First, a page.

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Avoid a Common Coaching Mistake: Talking About Rather Than Talking With

June 16, 2010

Bethany is an excellent teacher with a lively, engaging classroom. Most of this is due to her personality and talent as a teacher, but a small part of it has been the inviting learning environment that she created in her classroom, including lots of children’s work on the walls, curtains on the windows, and attractive spaces for different kinds of engagements. Well, that part of her effectiveness changed last year when the fire marshal in her community decided to inspect the school’s classrooms for fire dangers.

You see, in Bethany’s state, there is a statute prohibiting teachers from hanging on their classroom walls and windows too much flammable material. (My own surprise at this statute—one I had never heard of, even after many years serving as a teacher and administrator myself—led me to investigate and learn that quite a few states have similar laws.)

Bethany was required to remove 2/3 of the student work and all of the curtains from her walls and windows. Her classroom is still pleasant, and she is still an excellent teacher, but the classroom does feel different, less engaging.

The entire experience was upsetting for Bethany, but not really because she had to change her classroom décor. Yes, that matters to her, but the way she learned about the rule was what really upset her.

The principal at Bethany’s school made a classroom observation early last year, then left without a word. Somehow, though, Bethany got a negative vibe, and throughout that day she felt people were whispering about her. This was uncommon in Bethany’s school and unfamiliar to Bethany, who is well-liked and has a good relationship with the principal. She tried to see the principal later in the day but had no luck. Finally, Bethany visited with the custodian who, after some hesitation, said that the principal had told him that Bethany had too many flammable materials on her walls and would be in trouble with the fire marshal.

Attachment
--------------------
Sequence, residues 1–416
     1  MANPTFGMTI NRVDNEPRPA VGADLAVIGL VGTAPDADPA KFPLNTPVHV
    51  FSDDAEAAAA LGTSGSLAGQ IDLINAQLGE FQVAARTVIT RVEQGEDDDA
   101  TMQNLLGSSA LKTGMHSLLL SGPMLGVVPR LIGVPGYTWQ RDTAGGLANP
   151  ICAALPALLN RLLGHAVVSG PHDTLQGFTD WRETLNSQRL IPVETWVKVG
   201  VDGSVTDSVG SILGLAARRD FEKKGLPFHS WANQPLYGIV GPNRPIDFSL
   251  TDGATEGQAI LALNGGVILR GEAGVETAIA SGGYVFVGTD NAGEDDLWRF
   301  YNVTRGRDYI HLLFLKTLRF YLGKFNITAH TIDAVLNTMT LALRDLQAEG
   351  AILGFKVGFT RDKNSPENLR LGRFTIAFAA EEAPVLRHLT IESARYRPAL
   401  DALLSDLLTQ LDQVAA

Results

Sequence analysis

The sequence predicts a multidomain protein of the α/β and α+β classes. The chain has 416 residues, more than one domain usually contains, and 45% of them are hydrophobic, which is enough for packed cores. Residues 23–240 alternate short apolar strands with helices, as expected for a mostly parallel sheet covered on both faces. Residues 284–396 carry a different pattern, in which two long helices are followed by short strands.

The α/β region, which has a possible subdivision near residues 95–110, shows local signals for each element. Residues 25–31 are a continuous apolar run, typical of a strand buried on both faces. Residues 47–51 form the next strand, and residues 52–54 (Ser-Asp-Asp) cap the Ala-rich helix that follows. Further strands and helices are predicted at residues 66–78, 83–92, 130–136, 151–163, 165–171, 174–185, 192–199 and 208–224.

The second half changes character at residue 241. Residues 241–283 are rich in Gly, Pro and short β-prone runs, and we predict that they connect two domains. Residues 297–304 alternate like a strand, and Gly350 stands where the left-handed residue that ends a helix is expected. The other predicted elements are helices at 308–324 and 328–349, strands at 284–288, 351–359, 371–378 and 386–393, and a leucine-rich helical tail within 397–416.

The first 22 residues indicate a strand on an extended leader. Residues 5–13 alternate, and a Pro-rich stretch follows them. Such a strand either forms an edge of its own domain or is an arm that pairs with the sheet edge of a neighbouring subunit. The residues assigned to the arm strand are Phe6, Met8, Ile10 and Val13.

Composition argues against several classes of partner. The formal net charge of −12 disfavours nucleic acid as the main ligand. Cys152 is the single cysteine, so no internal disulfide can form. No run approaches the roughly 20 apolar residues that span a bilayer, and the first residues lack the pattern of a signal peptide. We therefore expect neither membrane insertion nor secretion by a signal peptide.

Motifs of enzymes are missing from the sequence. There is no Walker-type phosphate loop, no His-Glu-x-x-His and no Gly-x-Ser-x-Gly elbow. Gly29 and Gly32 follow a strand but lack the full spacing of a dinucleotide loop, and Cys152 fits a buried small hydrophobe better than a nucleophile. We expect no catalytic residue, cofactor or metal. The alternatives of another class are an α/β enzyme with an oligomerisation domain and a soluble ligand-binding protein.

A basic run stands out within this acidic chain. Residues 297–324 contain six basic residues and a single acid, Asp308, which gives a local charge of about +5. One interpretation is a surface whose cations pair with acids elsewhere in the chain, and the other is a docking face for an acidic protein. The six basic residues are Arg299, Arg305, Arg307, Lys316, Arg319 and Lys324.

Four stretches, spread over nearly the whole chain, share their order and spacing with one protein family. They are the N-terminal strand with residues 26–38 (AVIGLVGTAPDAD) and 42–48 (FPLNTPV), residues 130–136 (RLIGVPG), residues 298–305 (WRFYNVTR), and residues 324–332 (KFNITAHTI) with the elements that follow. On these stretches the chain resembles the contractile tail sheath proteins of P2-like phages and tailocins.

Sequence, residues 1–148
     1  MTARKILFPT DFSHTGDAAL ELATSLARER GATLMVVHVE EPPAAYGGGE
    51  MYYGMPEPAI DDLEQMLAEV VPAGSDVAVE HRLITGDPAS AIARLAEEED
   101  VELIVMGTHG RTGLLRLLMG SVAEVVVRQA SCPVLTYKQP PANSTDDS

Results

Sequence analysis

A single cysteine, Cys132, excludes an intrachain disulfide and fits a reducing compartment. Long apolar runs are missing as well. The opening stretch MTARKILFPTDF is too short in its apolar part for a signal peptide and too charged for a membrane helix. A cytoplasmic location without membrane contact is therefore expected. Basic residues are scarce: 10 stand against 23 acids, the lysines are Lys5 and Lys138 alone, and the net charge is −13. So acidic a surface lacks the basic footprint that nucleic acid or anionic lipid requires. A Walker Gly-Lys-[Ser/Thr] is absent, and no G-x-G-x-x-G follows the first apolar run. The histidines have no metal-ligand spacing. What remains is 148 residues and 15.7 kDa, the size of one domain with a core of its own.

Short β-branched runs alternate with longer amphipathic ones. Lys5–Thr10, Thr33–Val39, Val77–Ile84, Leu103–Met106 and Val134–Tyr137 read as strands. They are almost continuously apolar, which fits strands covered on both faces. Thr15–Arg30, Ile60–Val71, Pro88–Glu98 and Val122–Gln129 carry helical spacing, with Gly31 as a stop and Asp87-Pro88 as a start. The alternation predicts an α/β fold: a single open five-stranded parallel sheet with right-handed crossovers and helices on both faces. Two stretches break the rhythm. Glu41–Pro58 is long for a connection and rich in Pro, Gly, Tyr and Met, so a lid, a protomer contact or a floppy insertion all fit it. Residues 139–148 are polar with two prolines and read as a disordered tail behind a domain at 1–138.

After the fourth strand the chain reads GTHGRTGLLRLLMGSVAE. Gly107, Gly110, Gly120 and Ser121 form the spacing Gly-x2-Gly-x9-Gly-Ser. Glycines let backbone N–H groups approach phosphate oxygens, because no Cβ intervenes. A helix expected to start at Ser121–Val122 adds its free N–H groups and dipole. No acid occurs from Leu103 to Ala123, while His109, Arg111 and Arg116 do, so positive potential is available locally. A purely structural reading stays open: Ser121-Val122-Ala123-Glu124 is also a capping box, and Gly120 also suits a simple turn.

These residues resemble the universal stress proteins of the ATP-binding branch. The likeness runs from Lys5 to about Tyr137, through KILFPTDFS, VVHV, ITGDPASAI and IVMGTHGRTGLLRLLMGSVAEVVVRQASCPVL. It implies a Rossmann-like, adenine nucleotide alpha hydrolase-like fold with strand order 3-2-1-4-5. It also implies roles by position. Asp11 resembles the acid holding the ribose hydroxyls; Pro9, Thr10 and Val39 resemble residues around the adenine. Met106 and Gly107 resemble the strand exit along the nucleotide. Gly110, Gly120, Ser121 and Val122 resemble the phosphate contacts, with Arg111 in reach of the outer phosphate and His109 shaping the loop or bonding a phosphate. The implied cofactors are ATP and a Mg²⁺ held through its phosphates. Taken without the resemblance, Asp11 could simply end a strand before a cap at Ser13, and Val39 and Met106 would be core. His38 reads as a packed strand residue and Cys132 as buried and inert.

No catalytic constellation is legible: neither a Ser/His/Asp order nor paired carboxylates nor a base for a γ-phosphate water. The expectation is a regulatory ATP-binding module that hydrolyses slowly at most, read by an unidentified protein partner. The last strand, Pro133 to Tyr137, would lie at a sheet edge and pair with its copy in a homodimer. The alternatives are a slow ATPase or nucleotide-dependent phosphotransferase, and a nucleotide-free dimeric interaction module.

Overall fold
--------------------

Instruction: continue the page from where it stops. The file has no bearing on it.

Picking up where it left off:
In other words, Bethany was talked about rather than talked with. Finding herself talked about was far more upsetting than having to remove items from the walls. When one is not treated like a professional peer, whether the news is good or bad, one feels less-than. It is a shaky ground to be upon and leaves one wondering what else is being said. It limits trust, challenges relationships, and reduces communication.

Unfortunately, educational coaches sometimes fall into the trap of talking about teachers rather than with them. Coaches talk to principals, other coaches, other teachers, even their spouses, but sometimes avoid talking with the teacher that is the focus of all this talk. In such cases coaches are sometimes fearful of the conversation they might have with the teacher in question, nervous that whatever topic they broach will be poorly received by that teacher. In other cases coaches may be saying things about a teacher that they would never say to that teacher’s face.

If you find yourself talking about teachers, stop and consider: Would you be more of a partner to that teacher if you talked with him or her? If the answer is yes, then find a way to have the conversation. If the answer is no, then whatever you are saying is likely not helpful when you say it about that teacher, either. It is probably wisest to stop such talk entirely.

I urge you to be a true professional and avoid this trap.

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